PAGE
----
351 (1992). Allegations of speculative future injury do not suffice. City
of Los Angeles v. Lyons, 461 U.S. 95, 102, 103 S.Ct. 1660, 75 L.Ed.2d 675
(1983); see also Tenacre Foundation v. INS, 892 F. Supp. 289, 294
(D.D.C. 1995), aff'd, 78 F.3d 693 (D.C.Cir. 1996). A future injury
satisfies the "imminence" requirement only if the injury is "certainly
impending." Lujan, 504 U.S. at 565 n. 2, 112 S.Ct. 2130.
Second, to show that the alleged injury is "fairly traceable" to the
challenged action, the plaintiffs must make a "reasonable showing that
`but for' defendants' action the alleged injury" will not occur. See
Warth v. Seldin, 422 U.S. 490, 504, 95 S.Ct. 2197, 45 L.Ed.2d 343
(1975); Community Nutrition Instit. v. Block, 698 F.2d 1239, 1247
(D.C.Cir. 1983), rev'd o.g., 467 U.S. 340, 104 S.Ct. 2450, 81 L.Ed.2d 270
(1984); see, e.g., Ellsworth Assocs. v. United States, 926 F. Supp. 207
(D.D.C. 1996) (contractor lacked standing to challenge constitutionality
of SBA set-aside program for "socially and economically disadvantaged"
small businesses, because its inability to compete for a contract stemmed
from fact that its eligibility had expired, not from set-asides). The
plaintiffs will be found to lack standing if the court must accept
speculative inferences and assumptions in order to connect the alleged
injury with the challenged action. See National Maritime Union v.
Commander, Military Sealift Command, 824 F.2d 1228 (D.C.Cir. 1987).
Lastly, to prove that the alleged injury is likely to be redressed by a
favorable decision, the plaintiffs must show that a favorable decision
would likely afford them relief from the injury.
B. Preliminary Injunctive Relief
A preliminary injunction may be granted only when the movant
Davenport v. International Brotherhood of Teamsters, 166 F.3d 356, 361
(D.C.Cir. 1999); see also Mova Pharmaceutical Corp. v. Shalala,
140 F.3d 1060, 1066 (D.C.Cir. 1998); World Duty Free Americas, Inc. v.
Summers, 94 F. Supp.2d 61, 64 (D.D.C. 2000); ANADAC, Inc. v. INS,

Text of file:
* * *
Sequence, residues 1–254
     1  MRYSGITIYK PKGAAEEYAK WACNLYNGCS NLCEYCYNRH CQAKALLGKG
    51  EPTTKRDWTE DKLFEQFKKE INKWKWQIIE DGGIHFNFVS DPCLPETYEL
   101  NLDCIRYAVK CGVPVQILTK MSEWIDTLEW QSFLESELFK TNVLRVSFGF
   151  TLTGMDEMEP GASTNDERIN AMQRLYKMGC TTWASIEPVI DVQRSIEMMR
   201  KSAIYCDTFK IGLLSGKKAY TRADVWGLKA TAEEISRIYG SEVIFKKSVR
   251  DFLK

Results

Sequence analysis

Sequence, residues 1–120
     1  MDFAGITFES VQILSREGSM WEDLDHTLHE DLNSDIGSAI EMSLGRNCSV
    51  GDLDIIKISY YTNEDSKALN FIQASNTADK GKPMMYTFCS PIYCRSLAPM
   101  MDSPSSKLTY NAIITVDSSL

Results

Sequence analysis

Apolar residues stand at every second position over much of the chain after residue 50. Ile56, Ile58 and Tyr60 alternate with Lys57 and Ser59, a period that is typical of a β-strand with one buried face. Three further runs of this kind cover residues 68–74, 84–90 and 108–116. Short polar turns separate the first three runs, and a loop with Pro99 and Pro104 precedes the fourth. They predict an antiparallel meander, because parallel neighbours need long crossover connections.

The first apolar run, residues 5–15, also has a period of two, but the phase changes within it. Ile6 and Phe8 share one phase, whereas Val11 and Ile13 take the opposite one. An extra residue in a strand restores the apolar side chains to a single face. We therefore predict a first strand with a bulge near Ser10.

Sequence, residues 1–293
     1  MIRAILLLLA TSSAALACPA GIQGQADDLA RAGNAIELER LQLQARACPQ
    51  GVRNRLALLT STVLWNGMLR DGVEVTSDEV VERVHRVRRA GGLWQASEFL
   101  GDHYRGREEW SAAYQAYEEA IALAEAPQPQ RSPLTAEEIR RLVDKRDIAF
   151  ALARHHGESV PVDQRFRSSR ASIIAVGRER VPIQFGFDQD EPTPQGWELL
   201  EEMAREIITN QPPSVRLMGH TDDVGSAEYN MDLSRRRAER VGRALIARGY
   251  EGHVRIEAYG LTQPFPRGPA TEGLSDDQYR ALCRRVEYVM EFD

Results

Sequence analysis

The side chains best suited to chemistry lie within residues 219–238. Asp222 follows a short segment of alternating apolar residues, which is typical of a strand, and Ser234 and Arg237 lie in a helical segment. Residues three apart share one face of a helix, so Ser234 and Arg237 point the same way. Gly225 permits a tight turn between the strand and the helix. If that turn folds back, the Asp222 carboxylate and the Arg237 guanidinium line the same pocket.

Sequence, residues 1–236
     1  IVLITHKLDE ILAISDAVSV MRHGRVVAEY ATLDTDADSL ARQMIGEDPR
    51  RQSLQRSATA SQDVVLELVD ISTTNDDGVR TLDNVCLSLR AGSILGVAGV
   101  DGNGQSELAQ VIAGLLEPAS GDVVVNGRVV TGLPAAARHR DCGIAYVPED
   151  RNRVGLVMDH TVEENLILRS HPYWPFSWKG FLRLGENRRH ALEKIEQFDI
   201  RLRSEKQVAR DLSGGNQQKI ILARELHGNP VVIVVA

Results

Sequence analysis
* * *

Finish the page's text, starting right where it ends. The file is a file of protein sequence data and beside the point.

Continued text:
44 F. Supp.2d 306, 308 (D.D.C. 1999). These four factors are not
considered in isolation from one another, and no one factor is
necessarily dispositive as to whether preliminary injunctive relief is
warranted. See CityFed Financial Corp. v. Office of Thrift Supervision,
58 F.3d 738, 746 (D.C.Cir. 1995). Rather, the factors "interrelate on a
sliding scale and must be balanced against each other." Davenport, 166
F.3d at 361 (citing Serono Labs. v. Shalala, 158 F.3d 1313, 1317-18
(D.C.Cir. 1998)); see also WMATA v. Holiday Tours, Inc., 559 F.2d 841,
842-43 (D.C.Cir. 1977) (court "examines each requirement in light of the
others to determine whether an injunction would be proper").
In other words, a particularly strong showing on one factor may
compensate for a weak showing on one or more of the other factors. See
Serono Labs. v. Shalala, 158 F.3d 1313, 1318 (D.C.Cir. 1998). For
instance, as to the first factor, "The court is not required to find that
ultimate success by the movant is a mathematical probability, and
indeed, [the court] may grant [an injunction] even though its own
approach may be contrary to [the movants'] view of the merits. The
necessary `level' or `degree' of possibility of success will vary
according to the court's assessment of the other factors." New Mexico v.
Richardson, 39 F. Supp.2d 48, 50 (D.D.C. 1999) (quoting Holiday Tours,
559 F.2d at 843).
If the plaintiff makes a particularly weak showing on one factor,
however, the other factors may not be enough to "compensate." See Taylor
v. RTC, 56 F.3d 1497, 1506 (D.C.Cir.), amended o.g. on reh'g, 66 F.3d 1226
(D.C.Cir. 1995). It is particularly important for the plaintiffs to
demonstrate a substantial likelihood of success on the merits. If the
plaintiffs fail to make this showing, "it would take a very strong showing
with respect to the other preliminary injunction factors to turn the tide
in plaintiffs' favor." Davenport, 166 F.3d at 367 (citing Murrow
Furniture Galleries v. Thomasville Furniture Indus., 889 F.2d 524, 527
(4th Cir. 1989)); see, e.g., National Pharmaceutical Alliance v. Henney,
47 F. Supp.2d 37, 41 (D.D.C. 1999) ("Here, because the likelihood of
success is slim, plaintiffs would have to make a very substantial showing
of severe irreparable injury in order to prevail on their motion.").
Indeed, in this Circuit a "substantial indication" of likely success on
the merits is a sine qua non of preliminary injunctive relief. Absent
such a substantial indication, "there would be no justification for the
court's intrusion into the ordinary processes of administration and
judicial review." American Bankers Ass'n. v. National Credit Union
Admin., 38 F. Supp.2d 114, 141 (D.D.C. 1999) (quoting Holiday Tours, 559
F.2d at 843).
Lastly, any injunction which the court issues must be carefully
circumscribed and tailored to remedy the harm shown. See National
Treasury Employees Union v. Yeutter, 918 F.2d 968, 977 (D.C.Cir. 1990)
(citing Gulf Oil Corp. v. Brock, 778 F.2d 834, 842 (D.C.Cir. 1985)).
C. Levels of Equal Protection Review
1. Strict Scrutiny for All Racial ...